We can only assume that this information has to do with the classified FBI documents being sought by Angela Clemente, a forensic analyst who spent the past 15 years researching the FBI's relationship with mob turncoats. (ANGELA CLEMENT IS NOT OUR SOURCE REGARDING THE NEW INFORMATION.)
According to our source, who would only speak on the condition of anonymity, the documents will prove that two high-level mobsters, one with the Colombos and one with the Gambinos, were high-level informants for the FBI.
Assertions about the Gambino mobster have been published in the past but have been largely overlooked and considered FBI misinformation. As for the identity of the Colombo mobster, we're still reeling.
The two mobsters are high-level, holding boss/underboss positions. The alleged Gambino informant is deceased, the Colombo chieftain is still alive.
Angela Clemente with filmmaker
Joe Berlinger, whose Whitey Bulger
documentary premiered in Boston.
Clemente knows this because the two ratted on each other.
Furthermore, this kind of activity -- turncoats committing violent crimes including murder while working for the Feds -- is ongoing.
We spoke with Clemente after learning that she'd won her second lawsuit against the FBI.
This time, the ruling regards the pace of access to classified documents regarding alleged systemic corruption between FBI agents and Scarpa, as well as other mob turncoats.
Clemente is suffering from a terminal illness, she noted in filings, and because of this, she needs swifter access to classified FBI documents. Also, the amount of material she has to examine has vastly expanded. The FBI revised upward the number of pages it has that are related to turncoats of interest. The initial figure of 1,420 pages now includes an additional 30,000 pages.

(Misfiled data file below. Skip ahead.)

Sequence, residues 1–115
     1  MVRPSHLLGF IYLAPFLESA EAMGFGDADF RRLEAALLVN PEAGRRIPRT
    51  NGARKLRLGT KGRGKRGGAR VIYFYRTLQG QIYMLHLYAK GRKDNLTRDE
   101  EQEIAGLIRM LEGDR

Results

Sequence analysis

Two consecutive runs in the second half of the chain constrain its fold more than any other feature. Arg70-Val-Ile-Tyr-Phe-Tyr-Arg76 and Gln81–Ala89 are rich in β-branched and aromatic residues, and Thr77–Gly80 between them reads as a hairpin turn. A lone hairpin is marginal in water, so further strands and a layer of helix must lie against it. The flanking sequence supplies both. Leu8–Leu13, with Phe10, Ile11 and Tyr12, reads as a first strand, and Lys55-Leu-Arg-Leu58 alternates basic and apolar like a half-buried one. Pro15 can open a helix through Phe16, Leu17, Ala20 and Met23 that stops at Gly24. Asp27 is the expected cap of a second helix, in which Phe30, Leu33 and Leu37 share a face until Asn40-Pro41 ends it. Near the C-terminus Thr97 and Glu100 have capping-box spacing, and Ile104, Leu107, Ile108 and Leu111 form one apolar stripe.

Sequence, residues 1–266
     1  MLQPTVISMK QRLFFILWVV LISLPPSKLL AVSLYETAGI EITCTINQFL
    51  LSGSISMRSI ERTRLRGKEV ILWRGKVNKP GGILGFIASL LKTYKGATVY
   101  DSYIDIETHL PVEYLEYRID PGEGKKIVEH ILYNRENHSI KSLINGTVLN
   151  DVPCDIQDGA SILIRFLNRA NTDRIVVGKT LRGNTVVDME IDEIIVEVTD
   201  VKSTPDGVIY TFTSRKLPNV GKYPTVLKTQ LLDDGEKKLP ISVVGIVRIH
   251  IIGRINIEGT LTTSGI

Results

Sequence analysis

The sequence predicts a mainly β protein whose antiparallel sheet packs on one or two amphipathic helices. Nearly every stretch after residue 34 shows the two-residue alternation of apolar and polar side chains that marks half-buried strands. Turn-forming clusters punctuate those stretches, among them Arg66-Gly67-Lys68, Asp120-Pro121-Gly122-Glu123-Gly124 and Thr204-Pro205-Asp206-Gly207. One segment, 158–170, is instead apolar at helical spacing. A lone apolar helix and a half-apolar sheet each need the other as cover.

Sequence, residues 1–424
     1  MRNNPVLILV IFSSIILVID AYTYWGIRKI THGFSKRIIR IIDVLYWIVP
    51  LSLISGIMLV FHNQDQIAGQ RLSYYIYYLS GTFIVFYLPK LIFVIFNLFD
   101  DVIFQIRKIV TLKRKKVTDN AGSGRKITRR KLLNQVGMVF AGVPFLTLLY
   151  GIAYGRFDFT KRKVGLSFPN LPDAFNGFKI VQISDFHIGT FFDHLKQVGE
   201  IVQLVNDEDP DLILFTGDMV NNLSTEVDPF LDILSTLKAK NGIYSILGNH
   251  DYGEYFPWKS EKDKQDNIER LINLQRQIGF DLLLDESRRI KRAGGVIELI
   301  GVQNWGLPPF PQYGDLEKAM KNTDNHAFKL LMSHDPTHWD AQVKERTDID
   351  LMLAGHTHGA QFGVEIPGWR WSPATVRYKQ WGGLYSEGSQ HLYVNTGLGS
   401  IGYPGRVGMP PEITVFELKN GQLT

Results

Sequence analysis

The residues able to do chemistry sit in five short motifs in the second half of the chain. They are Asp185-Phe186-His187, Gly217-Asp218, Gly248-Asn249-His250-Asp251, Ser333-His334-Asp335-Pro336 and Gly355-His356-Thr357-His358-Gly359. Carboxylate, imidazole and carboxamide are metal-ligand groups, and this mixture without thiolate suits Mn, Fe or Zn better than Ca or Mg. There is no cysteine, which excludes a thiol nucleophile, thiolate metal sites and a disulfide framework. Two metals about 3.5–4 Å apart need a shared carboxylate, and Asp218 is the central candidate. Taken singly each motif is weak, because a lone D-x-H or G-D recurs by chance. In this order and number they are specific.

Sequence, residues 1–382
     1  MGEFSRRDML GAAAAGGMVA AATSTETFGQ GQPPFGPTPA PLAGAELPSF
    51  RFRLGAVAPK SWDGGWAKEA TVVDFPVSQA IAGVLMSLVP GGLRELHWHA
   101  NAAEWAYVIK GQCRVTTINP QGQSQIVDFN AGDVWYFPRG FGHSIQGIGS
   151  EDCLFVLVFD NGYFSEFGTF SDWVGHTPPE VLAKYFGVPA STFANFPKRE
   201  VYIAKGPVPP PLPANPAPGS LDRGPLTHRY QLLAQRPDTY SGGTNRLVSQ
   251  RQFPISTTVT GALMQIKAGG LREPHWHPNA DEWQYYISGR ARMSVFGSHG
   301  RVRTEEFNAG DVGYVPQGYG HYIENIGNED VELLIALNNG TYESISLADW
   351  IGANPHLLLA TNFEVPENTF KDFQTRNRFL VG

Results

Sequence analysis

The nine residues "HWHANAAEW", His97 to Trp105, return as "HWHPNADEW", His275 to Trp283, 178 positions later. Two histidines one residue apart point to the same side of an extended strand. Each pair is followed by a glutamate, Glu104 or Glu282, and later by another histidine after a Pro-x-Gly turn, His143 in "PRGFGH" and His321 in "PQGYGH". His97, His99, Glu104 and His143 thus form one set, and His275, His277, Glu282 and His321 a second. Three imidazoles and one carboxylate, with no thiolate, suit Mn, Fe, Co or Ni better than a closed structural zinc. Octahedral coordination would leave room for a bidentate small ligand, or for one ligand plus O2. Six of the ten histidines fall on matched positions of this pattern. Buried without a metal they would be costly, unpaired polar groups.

U.S. District Judge Thomas Hogan responded by ruling that Clemente deserve access to 5,000 pages a month from the FBI, versus the 2,000 pages a month that the agency was willing to provide.
Judge Thomas Hogan's decision can be found here.
Clemente has waged a campaign to prove that the government had a hand in up to 39 murders committed in New York by turncoat gangsters who were on the payroll. She expects to find additional cases of murders as well as additional cases of turncoats who committed violent crimes while under their FBI handler's purview.
A major focus of her investigation has been FBI Special Agent Roy Lindley DeVecchio and others at the FBI, whom she alleged actively aided or were complicit in covering up murders and additional crimes that Scarpa and other informants committed.
DeVecchio was charged with aiding and abetting four murders in 2006, but the judge dismissed the case after it was revealed that the prosecution's chief witness, Scarpa's wife Linda, lacked credibility.
Speaking to Cosa Nostra News, Clemente revealed that she's "been able to determine... that the FBI positively knew that their informants Frank Sparaco and Gregory Scarpa were committing murders" because the turncoats were ratting out each other.
Clemente also said that FBI agent Christopher Favo was handler to a turncoat who had committed murders.
Other revelations Clemente found: a document showing Scarpa was ordered to pay income tax as an FBI employee, which he never did; as well as another written order to Scarpa not to commit any crimes, which was signed by DeVecchio.
Through her extensive interviews and examination of classified documents Clemente has obtained key information that helped congress in a wide range of cases, including Islamic terrorism, the Kennedy assassination and James "Whitey" Bulger, who many view as the Boston corollary to New York's Scarpa. The Department of Justice Office of Inspector General used Clemente's work when it developed and implemented sweeping changes on informant practices in September 2005.
Bulger was tipped off about a pending arrest and disappeared for decades. He was finally arrested in 2011, and by 2013 was sentenced to two consecutive life sentences for 19 murders, as well as racketeering and other crimes.
Many questions remain. Perhaps the largest one regards the extent of federal and local police corruption that aided Bulger's ability to become the top mobster in New England.
A documentary film has been made about the case. “Whitey v. the United States” was named a Sundance Official selection. Director/producer Joe Berlinger's other film credits include "Paradise Lost," "Brother's Keeper," and "Metallica: Some Kind of Monster."
The film premiered in Boston on January 30th at the Coolidge Theater. Afterwards Clemente took part in a panel discussion in which she spoke about her work.
She told us that the FBI's coddling of murderous mob turncoats is still going on today. "This is not a closed chapter... I am still working on correcting it."